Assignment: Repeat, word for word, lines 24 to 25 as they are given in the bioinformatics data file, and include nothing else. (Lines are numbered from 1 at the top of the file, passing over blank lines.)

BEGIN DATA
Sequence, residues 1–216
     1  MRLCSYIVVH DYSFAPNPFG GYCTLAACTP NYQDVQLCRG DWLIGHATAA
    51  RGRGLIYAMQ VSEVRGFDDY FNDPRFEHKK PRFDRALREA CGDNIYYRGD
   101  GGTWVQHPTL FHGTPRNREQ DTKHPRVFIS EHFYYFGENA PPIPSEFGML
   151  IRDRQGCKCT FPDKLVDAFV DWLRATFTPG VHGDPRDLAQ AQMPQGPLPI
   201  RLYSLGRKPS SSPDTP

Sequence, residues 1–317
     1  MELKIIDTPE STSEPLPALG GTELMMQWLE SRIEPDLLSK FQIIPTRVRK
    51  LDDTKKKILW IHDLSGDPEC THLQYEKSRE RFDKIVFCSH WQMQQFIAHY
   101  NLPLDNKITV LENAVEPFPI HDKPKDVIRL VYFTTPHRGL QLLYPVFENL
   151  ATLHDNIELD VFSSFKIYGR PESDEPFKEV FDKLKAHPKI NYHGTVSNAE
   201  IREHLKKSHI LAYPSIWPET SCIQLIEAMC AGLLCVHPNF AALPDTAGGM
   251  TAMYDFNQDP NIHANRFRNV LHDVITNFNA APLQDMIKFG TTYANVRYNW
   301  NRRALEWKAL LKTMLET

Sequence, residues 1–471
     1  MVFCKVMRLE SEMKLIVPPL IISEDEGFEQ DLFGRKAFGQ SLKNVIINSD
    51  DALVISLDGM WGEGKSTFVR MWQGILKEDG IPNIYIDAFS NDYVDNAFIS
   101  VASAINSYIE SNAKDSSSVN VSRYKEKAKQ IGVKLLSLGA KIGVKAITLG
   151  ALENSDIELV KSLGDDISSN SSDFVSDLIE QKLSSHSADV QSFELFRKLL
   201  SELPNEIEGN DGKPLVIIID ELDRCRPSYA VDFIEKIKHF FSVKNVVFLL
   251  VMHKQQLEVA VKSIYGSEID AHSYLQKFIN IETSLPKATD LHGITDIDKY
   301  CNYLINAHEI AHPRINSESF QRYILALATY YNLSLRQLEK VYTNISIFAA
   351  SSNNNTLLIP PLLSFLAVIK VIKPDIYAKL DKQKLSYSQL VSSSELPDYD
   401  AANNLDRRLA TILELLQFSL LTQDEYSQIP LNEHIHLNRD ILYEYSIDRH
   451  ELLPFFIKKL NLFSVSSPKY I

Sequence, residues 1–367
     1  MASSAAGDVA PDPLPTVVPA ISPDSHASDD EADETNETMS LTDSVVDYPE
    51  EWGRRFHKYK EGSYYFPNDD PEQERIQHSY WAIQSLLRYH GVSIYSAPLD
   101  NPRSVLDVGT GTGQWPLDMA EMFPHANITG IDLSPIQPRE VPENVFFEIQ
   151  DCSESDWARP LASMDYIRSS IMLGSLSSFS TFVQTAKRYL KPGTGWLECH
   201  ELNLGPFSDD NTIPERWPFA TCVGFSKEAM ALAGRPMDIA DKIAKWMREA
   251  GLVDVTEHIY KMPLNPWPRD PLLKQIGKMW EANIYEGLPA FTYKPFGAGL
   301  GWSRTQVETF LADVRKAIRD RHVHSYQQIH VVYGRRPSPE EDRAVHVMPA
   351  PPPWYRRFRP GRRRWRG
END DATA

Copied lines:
   401  AANNLDRRLA TILELLQFSL LTQDEYSQIP LNEHIHLNRD ILYEYSIDRH
   451  ELLPFFIKKL NLFSVSSPKY I